For the towns of Chapel Hill and Carrboro, this year’s July 4 festivities come with a somber reflection on our nation’s often-troubling past.
2014 marks the 50th anniversary of the passage of the Civil Rights Act of 1964, one of the most significant pieces of legislation in American history and a watershed moment for the civil rights movement. It also continues the 150th anniversary of the Civil War.
To mark the occasion, the Town of Chapel Hill hosted a discussion Wednesday on the legacy of the Civil Rights Act, in a packed room in the Chapel Hill Public Library. Gene Nichol and Ted Shaw served as keynote speakers; State Senator Valerie Foushee was among the panelists. (CORRECTION: Foushee was scheduled to be among the panelists, but was unable to attend.)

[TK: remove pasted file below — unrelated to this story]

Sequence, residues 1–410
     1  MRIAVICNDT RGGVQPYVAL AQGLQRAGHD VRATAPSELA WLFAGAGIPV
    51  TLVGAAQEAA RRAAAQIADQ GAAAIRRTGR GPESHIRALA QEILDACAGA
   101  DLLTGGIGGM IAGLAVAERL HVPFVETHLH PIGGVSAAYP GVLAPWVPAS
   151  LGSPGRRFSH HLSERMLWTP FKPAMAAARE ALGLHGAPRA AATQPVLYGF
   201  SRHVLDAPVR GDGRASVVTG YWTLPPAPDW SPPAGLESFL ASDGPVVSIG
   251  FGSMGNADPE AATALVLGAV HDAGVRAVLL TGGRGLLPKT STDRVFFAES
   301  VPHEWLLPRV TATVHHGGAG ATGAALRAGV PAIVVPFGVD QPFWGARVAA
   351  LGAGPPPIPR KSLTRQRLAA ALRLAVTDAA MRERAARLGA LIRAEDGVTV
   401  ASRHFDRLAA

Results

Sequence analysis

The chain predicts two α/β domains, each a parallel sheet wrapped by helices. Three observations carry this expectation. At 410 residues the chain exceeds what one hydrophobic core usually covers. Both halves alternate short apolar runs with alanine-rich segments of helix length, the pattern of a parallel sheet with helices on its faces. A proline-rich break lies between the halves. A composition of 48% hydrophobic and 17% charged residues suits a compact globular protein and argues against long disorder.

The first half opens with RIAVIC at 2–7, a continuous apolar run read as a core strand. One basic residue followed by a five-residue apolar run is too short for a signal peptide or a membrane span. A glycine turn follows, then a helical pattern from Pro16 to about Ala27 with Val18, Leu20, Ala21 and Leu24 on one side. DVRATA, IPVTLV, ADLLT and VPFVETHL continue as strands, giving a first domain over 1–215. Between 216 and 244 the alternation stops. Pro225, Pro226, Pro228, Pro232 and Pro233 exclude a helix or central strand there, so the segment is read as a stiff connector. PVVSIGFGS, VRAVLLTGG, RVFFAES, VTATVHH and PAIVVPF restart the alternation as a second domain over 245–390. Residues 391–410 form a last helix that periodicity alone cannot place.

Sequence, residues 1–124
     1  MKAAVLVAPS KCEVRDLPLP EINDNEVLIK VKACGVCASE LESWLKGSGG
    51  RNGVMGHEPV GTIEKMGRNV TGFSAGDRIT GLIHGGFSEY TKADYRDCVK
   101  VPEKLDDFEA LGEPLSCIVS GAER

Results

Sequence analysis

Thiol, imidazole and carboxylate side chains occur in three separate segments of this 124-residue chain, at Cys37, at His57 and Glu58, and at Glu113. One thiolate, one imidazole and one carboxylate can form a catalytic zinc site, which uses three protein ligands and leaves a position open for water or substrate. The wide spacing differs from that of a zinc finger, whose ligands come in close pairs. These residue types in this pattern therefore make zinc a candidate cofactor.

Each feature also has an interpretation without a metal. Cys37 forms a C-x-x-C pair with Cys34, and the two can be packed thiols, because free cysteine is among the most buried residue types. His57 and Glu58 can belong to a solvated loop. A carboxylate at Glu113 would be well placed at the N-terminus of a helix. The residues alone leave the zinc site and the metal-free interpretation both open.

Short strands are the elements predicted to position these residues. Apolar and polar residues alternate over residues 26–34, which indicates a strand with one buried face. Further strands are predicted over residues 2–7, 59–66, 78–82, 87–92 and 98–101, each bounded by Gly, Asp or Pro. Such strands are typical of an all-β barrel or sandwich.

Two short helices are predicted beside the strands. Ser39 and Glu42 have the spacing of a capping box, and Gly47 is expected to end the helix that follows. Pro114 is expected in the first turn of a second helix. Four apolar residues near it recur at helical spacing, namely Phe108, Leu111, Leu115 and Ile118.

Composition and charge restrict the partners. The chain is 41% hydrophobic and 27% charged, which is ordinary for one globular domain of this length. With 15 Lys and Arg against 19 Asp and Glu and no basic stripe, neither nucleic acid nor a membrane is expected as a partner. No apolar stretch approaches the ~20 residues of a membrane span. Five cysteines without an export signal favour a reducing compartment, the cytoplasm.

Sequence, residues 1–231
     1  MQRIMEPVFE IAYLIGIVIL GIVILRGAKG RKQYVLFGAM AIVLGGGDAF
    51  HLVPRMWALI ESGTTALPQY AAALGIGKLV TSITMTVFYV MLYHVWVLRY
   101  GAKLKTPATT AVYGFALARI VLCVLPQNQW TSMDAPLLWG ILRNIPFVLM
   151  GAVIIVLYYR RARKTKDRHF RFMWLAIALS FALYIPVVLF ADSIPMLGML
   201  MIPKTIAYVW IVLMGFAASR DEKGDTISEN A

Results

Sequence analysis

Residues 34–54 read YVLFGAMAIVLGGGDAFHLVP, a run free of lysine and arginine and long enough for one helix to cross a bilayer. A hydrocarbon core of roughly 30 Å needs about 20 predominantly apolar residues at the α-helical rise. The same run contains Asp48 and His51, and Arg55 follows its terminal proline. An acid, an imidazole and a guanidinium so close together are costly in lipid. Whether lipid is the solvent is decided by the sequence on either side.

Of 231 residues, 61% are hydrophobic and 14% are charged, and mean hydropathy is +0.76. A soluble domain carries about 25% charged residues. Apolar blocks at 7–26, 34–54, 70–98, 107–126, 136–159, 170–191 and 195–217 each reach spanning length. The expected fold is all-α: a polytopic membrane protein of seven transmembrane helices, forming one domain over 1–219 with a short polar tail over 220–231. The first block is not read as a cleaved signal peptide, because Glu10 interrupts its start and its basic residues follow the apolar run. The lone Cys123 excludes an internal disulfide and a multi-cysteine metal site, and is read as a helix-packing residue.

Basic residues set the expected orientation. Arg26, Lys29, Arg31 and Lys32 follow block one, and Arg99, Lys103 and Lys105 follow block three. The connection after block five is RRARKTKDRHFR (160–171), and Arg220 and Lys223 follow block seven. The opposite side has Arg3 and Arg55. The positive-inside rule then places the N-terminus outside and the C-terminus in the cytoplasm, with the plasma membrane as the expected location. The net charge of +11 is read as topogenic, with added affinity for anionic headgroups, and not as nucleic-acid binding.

And on Friday – Independence Day proper – the Town of Carrboro is hosting a public reading of Frederick Douglass’s famous 1852 speech “The Meaning of the Fourth of July to the Negro” (also known as “What to the Slave is the Fourth of July?”). Readers will include Valerie Foushee, former State Senator Ellie Kinnaird, and WCHL’s Aaron Keck. It begins at Town Hall at noon and should last about a half hour, as part of the town’s July 4 festivities.
James Williams is the public defender for Orange and Chatham Counties; he too will be among the readers on Friday. Earlier this week he joined Ron Stutts on the Morning News.